Think of all the emotions you've ever experienced: anger, fear, disgust, happiness, surprise, shame, sadness, guilt, or blame. Can you name what you're feeing right now? Many depressed people can't.
Many years ago, our son and one of his friends, along with three other young men, were kidnapped by an escaped convict who had previously murdered three people. The five were held hostage for a couple of hours before the killer started shooting. Our son and his friend were both shot in the head, and two of the other young men were killed instantly.
If you had asked me what I was feeling as I drove to the hospital, I probably would have said, "worried." I was worried that our son might not live, or that he would be a paraplegic or severely brain-damaged for the rest of his life. I had already experienced forty years of depression, and although I had only a year earlier finally discovered the root of my depression, I hadn't yet learned to identify my feelings, so as I drove to the hospital, I didn't know that I was angry and scared. I had developed the habit of coping by becoming numb. I hadn't been able to cry for years, but soon I realized I needed to cry. The following day I asked my psychiatrist for an emergency appointment so she could help me to release my tears.
Both my son and his friend survived, but not without some nerve damage and some psychological damage.
Over the years since then, I've learned to identify my emotions and analyze them to see if they are helping me or hurting me.
When I took writing classes the teacher would point deficiencies in our stories, and it hurt to be told that the piece you'd worked so hard to create wasn't as wonderful as you thought. I saw there were two kinds of students: those who accepted criticism quietly and came back next time with improved versions of their stories, and those who became defensive, even angry, insisting that the teacher didn't understand! Occasionally, one of them would leave the class and never come back. It didn't take long for me to figure out who was handling emotions successfully.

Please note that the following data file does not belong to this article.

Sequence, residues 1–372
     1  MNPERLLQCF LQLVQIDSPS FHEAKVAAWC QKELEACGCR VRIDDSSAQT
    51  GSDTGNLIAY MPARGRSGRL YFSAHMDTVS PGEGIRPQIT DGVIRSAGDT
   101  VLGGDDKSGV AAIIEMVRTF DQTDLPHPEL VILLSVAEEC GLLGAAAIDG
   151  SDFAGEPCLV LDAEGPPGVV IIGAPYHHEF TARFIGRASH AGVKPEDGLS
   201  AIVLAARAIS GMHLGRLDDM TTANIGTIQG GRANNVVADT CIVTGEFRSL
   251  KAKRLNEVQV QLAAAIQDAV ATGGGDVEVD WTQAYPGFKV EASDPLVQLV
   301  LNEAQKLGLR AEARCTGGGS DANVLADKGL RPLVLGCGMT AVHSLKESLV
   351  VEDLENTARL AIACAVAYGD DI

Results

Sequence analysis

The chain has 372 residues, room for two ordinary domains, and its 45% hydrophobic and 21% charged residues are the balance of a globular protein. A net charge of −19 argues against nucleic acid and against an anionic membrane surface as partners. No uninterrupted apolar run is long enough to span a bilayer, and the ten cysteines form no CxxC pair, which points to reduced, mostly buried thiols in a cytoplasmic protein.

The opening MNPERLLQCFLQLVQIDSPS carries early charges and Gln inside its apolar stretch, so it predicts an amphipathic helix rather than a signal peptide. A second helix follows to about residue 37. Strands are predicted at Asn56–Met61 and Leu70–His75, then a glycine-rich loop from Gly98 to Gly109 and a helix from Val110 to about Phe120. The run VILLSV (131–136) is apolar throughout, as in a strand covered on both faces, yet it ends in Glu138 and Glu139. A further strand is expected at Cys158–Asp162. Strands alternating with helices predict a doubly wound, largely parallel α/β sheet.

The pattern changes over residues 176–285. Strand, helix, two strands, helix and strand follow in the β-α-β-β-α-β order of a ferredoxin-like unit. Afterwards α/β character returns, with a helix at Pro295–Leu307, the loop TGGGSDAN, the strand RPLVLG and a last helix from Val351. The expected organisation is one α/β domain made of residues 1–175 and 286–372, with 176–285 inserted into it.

I realized that if I wanted to become a good writer, I had to accept the feelings of embarrassment, even humiliation, of having my shortcomings pointed out. I learned to replace those feelings with ones of gratitude for the help I was receiving.
Interestingly, as my writing improved and I began to get published, my self-esteem rose, too.
Stephanie Kay Bendel is the author of EXIT THE LABYRINTH: A Memoir of Early Childhood Depression – Its Onset and Aftermath, MAKING CRIME PAY: A Practical Guide to Mystery Writing, and A SCREAM AWAY, a romantic thriller published under the house name, Andrea Harris. She has also written numerous short stories and articles on writing.